Both men have repeatedly insisted that their "tandem" is working well. So far, events have borne out that claim.

Olga Kryshtanovskaya, one of Russia's top experts on its political elite, says that if one ignores the terms of Russia's Constitution and looks at who actually holds the levers of power, the apparently peaceful relationship makes sense.

"Medvedev has no resources and no team to lead; 85 percent of all key posts are held by Putin's people. Medvedev's a general with no army," she says. "The plenary powers of the leaders have been distributed without any reference to the Constitution. Medvedev might chair sessions of the Security Council, but Putin actually controls the siloviki," meaning the military and security services.

In a burst of assertive activity recently, Medvedev has reached out to Russia's liberals, who were squeezed out of parliament, virtually banned from mainstream media, and shoved to society's margins under Putin.

In April, Medvedev gave a major interview to the Kremlin's longtime nemesis in journalism, the crusading weekly Novaya Gazeta. He introduced a presidential blog and ordered experts to draw up revisions to the Putin-era law on nongovernmental organizations, which civic leaders have decried as a straitjacket on political activity. He also met with leaders of small parties unable to win representation in the Duma in recent elections, and pledged to ease Putin-era restrictions.

Why Putin is throwing pens on national TV

Critics deride these moves as symbolic, but some say they may be an attempt to consolidate support as Medvedev prepares to assert himself as Russia's legitimate leader.

"Putin still believes that he is the No. 1 person in the country, but the problem is that Medvedev is beginning to think much the same of himself," Dmitry Oreshkin, head of the Mercator Group think tank in Moscow, told Ekho Moskvi radio recently. "Putin is more and more obviously taking up a tough, authoritarian position, as if he knows he is being pushed from power and is showing that he will mount fierce resistance."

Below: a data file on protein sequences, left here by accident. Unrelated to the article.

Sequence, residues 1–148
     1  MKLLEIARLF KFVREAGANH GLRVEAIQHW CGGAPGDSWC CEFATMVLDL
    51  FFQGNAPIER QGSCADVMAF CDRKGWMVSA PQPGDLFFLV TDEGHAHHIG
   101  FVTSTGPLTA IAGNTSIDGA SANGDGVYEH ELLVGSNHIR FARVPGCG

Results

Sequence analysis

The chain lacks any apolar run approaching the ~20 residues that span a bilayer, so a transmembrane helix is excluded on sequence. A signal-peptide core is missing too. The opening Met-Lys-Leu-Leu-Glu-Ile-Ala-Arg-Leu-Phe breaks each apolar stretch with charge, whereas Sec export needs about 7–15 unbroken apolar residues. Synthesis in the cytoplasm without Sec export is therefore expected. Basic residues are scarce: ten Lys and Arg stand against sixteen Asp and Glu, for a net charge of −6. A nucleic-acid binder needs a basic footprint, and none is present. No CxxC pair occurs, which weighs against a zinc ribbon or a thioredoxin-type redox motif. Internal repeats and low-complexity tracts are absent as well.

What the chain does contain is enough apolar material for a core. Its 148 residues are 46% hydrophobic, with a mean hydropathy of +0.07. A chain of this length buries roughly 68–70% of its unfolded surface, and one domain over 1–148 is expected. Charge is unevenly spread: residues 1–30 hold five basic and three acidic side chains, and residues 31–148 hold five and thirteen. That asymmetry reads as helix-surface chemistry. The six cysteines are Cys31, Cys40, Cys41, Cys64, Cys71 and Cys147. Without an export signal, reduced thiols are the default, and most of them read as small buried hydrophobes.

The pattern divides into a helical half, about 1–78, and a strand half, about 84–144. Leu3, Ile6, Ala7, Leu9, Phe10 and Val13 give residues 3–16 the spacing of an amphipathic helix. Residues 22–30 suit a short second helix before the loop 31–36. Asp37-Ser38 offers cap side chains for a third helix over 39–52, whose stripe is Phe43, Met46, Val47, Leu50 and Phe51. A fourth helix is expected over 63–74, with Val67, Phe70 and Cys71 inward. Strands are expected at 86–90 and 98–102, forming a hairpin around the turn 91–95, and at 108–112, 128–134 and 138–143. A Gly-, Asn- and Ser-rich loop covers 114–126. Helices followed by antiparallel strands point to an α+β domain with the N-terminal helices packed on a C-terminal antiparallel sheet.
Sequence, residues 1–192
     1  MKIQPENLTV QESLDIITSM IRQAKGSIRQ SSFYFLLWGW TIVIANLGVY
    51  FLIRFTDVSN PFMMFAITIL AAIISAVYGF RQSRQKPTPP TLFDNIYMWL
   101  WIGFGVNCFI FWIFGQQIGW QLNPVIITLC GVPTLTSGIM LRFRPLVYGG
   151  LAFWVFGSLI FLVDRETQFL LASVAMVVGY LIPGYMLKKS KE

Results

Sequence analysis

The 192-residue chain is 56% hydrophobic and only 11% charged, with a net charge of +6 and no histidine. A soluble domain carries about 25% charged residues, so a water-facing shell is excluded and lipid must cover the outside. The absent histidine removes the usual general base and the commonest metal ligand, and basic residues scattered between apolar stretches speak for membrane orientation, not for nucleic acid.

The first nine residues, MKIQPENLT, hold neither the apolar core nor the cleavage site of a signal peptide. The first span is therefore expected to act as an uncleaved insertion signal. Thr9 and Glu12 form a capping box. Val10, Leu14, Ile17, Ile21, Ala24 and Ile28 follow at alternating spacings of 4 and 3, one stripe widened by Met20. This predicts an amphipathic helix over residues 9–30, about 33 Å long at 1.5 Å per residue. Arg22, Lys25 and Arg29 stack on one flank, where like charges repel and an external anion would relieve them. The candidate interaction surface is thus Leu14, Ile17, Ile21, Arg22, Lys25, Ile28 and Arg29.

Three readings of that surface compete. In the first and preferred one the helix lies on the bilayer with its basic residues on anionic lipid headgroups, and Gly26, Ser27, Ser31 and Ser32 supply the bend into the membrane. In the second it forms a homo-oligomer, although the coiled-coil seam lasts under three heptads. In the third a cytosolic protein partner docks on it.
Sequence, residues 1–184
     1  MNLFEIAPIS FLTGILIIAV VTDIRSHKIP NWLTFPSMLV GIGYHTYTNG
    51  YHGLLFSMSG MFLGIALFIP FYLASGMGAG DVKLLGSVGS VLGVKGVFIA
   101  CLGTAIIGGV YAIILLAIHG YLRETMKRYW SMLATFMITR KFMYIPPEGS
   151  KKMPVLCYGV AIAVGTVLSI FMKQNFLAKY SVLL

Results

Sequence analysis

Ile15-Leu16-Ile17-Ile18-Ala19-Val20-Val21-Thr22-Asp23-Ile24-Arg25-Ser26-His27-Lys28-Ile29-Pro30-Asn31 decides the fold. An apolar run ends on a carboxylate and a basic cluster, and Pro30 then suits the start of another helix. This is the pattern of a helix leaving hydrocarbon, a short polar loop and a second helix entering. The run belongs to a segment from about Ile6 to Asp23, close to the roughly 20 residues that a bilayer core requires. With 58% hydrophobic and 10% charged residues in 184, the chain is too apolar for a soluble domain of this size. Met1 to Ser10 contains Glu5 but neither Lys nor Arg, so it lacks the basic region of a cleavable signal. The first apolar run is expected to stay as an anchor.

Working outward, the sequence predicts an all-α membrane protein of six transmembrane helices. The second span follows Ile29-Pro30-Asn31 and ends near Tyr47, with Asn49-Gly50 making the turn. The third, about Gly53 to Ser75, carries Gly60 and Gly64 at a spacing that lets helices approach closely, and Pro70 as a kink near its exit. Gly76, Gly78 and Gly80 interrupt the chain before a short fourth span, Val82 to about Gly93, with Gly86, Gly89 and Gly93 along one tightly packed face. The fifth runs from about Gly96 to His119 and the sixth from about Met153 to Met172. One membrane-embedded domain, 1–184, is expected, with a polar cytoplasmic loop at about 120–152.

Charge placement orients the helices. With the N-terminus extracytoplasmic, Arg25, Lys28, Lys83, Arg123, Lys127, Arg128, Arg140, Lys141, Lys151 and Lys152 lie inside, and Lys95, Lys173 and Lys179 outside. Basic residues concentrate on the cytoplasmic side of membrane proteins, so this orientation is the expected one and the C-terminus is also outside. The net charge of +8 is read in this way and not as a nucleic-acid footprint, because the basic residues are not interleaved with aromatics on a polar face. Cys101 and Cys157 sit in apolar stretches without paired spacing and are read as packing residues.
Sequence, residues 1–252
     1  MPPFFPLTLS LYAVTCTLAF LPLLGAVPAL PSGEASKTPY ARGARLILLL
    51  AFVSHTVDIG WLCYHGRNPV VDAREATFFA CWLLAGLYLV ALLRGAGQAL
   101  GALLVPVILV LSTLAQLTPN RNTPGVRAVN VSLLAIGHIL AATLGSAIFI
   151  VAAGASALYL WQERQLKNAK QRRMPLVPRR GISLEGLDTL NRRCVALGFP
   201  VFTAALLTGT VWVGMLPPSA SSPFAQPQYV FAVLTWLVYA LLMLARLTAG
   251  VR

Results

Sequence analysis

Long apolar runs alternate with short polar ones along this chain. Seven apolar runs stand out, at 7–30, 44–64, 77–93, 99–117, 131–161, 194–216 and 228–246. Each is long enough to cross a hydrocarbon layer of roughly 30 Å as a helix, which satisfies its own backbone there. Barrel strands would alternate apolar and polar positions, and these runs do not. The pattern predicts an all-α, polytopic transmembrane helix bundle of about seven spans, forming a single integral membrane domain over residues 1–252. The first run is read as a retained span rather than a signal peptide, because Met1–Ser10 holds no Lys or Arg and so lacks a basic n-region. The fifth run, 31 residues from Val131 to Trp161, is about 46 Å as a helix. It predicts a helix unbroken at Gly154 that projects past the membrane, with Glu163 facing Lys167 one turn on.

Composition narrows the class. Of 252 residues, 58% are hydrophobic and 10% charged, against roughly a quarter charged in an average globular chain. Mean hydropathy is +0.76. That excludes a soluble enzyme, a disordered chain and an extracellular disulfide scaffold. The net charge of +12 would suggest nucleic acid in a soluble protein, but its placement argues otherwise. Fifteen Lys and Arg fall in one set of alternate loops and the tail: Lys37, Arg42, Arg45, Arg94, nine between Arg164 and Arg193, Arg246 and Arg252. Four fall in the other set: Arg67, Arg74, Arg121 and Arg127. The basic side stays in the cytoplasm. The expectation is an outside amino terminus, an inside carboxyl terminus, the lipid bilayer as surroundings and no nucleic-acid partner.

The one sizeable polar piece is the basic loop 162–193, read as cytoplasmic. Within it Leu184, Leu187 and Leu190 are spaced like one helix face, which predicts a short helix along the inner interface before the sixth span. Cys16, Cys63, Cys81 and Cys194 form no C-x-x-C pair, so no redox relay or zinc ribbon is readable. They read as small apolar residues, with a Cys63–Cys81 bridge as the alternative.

Earlier this month, Putin rushed to the scene of a workers' strike in western Russia, where he angrily threw a pen at a wealthy tycoon – on national TV – and ordered all the workers' demands to be met. In another odd piece of political theater, Putin angrily upbraided the entire cabinet in a televised July government meeting.

Experts say the truth will probably not be revealed before presidential elections in 2012. Late last year, Medvedev pushed through controversial amendments to Russia's Constitution that extend presidential terms to six years.

"Of course this division of power cannot work as an institution in Russia; this is just a unique situation," says Alexei Push­kov, a member of the Kremlin's Council on Human Rights. "We'll know what's really going on when we see which of them will be running for president next time. Then it will totally become clear," he says.